How to reduce the gender inequality in education

At present we must look at an important issue in development economics- how to decrease the gap between the number of girls and boys being educated in poor countries.

Economists see decreasing sexual inequality in education as an imperative part of promoting development. The failure to educate girls limits economic development in the developing world by wasting human capital. Accordingly, the UN set itself the aim of eliminating gender disparity in education at all levels by 2015, as one of its Millennium Development Goals. Though places like China, Indonesia and Bangladesh look expected to achieve the target, Africa, in exacting, will not. For every 100 boys in secondary school on continent in 2010, there were only 82 girls. The most general response is to channel more money to girl's education. UN schemes finance school places for girls in 15 sub-Saharan countries. NGOs have got occupied also. Camfed, a charity, at the present pays for almost 100,000 girls to be educated in Ghana, Malawi, Tanzania, Zambia and Zimbabwe.

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Look at recently-published UN statistics on gender inequality in education, one observes that the overall picture has enhanced dramatically over last decade, however development has not been even. Even though the developing world on average looks likely to hit the UN's gender-inequality goal, many parts of Africa are lagging behind. At the same time as progress is being made in sub-Saharan Africa in primary education, gender inequality is actually widening among older children. The ratio of girls enrolled in primary school rose from 85 to 93 per 100 boys between 1999 and 2010, while it fell from 83 to 82 and from 67 to 63 at secondary and tertiary levels.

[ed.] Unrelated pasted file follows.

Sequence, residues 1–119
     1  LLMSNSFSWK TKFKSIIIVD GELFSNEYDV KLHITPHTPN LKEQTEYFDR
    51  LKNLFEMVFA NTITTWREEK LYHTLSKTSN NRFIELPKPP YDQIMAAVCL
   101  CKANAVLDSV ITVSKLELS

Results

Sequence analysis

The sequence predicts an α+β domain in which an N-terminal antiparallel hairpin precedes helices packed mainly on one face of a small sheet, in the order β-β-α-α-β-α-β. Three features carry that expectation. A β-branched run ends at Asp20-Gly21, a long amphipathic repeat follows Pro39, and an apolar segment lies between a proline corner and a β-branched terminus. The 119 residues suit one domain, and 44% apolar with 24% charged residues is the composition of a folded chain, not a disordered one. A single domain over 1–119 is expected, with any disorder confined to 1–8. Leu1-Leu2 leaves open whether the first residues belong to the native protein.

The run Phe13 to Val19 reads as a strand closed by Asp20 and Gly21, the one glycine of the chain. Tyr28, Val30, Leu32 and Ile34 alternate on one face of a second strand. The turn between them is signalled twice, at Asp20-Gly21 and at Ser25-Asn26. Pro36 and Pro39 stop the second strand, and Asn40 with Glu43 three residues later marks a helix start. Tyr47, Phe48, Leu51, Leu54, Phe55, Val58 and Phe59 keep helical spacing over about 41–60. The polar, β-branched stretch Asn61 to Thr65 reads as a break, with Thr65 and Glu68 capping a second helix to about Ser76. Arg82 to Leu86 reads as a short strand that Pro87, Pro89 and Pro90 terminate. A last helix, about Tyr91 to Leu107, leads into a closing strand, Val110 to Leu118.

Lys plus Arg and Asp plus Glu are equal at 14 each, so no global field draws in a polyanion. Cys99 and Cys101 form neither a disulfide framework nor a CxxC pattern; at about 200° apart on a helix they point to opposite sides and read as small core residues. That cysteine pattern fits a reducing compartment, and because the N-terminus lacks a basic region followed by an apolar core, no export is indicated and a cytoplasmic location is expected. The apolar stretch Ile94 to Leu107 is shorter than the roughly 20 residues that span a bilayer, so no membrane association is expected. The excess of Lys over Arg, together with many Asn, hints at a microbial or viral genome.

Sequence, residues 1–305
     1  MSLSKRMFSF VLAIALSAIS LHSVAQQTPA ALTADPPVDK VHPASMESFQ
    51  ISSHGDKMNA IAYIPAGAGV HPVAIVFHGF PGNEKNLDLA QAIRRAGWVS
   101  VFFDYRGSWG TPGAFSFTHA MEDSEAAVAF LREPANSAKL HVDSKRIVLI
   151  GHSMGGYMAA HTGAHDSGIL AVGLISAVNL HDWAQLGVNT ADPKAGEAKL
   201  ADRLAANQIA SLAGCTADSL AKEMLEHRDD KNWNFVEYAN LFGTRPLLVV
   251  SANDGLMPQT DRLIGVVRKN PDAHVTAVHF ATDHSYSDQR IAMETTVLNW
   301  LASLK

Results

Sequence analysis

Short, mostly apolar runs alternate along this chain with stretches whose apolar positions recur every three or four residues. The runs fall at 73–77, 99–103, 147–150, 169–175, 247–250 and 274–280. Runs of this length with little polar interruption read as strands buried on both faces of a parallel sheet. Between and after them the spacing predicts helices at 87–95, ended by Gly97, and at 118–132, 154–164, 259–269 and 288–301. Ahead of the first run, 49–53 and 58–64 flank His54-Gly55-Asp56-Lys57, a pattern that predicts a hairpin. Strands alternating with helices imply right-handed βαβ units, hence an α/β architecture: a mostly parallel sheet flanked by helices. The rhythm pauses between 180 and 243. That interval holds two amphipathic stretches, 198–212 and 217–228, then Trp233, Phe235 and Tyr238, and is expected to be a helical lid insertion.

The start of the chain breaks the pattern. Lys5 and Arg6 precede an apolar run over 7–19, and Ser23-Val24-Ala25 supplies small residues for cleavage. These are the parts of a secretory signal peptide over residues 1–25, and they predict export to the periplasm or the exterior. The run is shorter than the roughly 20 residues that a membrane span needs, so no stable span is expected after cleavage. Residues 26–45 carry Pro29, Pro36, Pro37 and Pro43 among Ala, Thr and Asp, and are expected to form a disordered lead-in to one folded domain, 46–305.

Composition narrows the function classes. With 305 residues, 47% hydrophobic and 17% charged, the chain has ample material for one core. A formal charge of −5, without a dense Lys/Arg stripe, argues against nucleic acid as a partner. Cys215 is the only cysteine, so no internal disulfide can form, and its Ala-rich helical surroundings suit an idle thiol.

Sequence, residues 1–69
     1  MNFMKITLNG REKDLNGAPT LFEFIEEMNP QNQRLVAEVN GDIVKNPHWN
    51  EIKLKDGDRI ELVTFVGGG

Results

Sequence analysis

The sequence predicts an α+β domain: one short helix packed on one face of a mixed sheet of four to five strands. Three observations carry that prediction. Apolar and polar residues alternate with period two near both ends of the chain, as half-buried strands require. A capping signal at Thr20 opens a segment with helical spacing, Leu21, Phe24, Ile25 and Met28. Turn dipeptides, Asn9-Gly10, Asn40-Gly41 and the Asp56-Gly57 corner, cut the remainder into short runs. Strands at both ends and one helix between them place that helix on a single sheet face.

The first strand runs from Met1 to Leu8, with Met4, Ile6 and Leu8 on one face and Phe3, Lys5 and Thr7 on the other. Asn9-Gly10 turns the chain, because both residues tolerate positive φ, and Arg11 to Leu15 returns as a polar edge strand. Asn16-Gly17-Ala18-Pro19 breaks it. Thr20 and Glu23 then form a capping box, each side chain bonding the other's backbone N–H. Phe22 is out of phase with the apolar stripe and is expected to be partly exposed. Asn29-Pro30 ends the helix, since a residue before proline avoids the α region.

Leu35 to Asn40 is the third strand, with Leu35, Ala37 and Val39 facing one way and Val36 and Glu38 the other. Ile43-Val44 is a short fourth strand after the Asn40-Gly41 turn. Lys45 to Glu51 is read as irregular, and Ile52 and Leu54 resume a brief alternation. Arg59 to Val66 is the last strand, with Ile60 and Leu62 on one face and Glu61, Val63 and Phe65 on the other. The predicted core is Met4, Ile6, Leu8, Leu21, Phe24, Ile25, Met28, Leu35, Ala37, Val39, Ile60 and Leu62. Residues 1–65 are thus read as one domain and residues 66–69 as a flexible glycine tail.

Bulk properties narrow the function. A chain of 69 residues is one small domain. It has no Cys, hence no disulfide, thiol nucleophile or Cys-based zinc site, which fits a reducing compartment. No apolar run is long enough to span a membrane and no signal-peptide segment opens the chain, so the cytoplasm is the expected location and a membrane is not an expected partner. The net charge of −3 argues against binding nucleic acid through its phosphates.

In several places there has been little or no progress whatsoever. For example, the enrolment ratio in Chad and Central African Republic appears to be flat-lining at less than 70 girls per 100 boys. These two countries look soon to be overtaken by Afghanistan, up to currently the worst performing country in the world on this metric. There is too great variation within countries. The situation appears to be much poorer in rural areas in Africa, where getting to school takes longer and may be more dangerous. For example, in rural areas of Niger, UN estimates puts the number of girls per 100 boys at school as less as 41.

This is in contrast to dramatic enhancements in gender equality in schooling seen in the rest of world. South Asia that lagged behind sub-Saharan Africa in 1999 at the primary school level hit the UN's 2015 target in 2010. Still the Middle East, where traditional religious prejudices often prevent girls going to school, has made substantial growth. Only Afghanistan, Pakistan and Yemen currently have less than 90 girls per 100 boys at school, in difference to over 14 sub-Saharan African countries.